Nutrition and Health
The goal of this program is to provide participants with a solid foundation in home canning and preserving. Through hands-on classes participants learn how to make jellies/jams, pickled vegetables and salsas, and learn proper pressure and boiling-water canning processes. Classes can be offered as a one-time class focused on one of the techniques listed above or you can schedule a food preservation course made up of 5 distinct lessons.
Recognized by the USDA as a top nutrition education program, Cooking Matters teaches participants how to shop and prepare healthy, affordable, and delicious meals. With five distinct curricula focused on different ages of the population, Cooking Matters engages individuals in hands-on nutrition and culinary activities. Each Cooking Matters course meets weekly for 6 weeks.
The 2015-2020 Dietary Guidelines focuses on the big picture with recommendations to help Americans make choices that add up to an overall healthy eating pattern. To build a healthy eating pattern, combine healthy choices from across all food groups—while paying attention to calorie limits, too.
Importantly, the guidelines suggest Americans should consume:
- A variety of vegetables, including dark green, red and orange, legumes (beans and peas), starchy and other vegetables
- Fruits, especially whole fruits
- Grains, at least half of which are whole grains
- Fat-free or low-fat dairy, including milk, yogurt, cheese, and/or fortified soy beverages
- A variety of protein foods, including seafood, lean meats and poultry, eggs, legumes (beans and peas), soy products, and nuts and seeds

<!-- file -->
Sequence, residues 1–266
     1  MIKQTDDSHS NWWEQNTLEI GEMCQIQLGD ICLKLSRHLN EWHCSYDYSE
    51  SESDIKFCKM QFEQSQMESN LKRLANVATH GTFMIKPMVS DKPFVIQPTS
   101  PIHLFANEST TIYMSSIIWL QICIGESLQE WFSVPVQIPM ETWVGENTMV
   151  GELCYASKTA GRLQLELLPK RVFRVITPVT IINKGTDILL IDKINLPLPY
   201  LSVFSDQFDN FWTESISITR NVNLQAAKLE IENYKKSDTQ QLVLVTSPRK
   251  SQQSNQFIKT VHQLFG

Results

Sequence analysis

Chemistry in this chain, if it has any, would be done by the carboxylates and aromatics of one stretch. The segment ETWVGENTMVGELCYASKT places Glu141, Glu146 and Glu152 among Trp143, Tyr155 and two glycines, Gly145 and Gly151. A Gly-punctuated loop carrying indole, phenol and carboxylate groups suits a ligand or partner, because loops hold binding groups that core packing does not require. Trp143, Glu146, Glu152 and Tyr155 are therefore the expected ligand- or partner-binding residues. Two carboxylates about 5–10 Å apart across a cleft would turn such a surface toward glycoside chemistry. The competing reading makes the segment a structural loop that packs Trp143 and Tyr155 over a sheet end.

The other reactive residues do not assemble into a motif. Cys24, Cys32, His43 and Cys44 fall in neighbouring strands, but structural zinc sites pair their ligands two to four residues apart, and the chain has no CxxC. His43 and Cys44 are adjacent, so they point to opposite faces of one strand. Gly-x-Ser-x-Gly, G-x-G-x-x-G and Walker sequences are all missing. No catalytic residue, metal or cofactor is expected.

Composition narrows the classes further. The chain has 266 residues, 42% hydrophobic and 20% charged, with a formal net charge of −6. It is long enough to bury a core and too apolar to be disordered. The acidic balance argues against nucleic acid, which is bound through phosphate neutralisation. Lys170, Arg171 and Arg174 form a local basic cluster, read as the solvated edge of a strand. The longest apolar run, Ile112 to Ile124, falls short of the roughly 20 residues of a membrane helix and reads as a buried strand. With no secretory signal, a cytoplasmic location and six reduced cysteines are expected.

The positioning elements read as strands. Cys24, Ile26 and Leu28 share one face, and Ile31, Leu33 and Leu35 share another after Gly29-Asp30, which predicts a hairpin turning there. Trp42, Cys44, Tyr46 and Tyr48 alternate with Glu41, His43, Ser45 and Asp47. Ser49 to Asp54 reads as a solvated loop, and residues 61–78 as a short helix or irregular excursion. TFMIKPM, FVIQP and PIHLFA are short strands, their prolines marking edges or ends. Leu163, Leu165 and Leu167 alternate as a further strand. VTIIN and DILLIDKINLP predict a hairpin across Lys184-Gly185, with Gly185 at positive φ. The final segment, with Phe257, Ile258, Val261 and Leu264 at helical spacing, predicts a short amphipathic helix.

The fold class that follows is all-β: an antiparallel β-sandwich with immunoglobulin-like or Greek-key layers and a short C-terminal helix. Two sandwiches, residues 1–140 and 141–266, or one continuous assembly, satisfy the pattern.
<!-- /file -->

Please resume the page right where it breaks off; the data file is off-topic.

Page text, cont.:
- Oils, including those from plants: canola, corn, olive, peanut, safflower, soybean, and sunflower. Oils also are naturally present in nuts, seeds, seafood, olives, and avocados.
Further, Americans should be encouraged to consume:
- Less than 10 percent of calories per day from added sugars. ChooseMyPlate.gov provides more information about added sugars, which are sugars and syrups that are added to foods or beverages when they are processed or prepared. This does not include naturally occurring sugars such as those consumed as part of milk and fruits.
- Less than 10 percent of calories per day from saturated fats. The Nutrition Facts label can be used to check for saturated fats. Foods that are high in saturated fat include butter, whole milk, meats that are not labeled as lean, and tropical oils such as coconut and palm oil.
- Less than 2,300 milligrams (mg) per day of sodium for people over the age of 14 years and less for those younger. The Nutrition Facts label is a helpful tool to check for sodium, especially in processed foods like pizza, pasta dishes, sauces, and soups.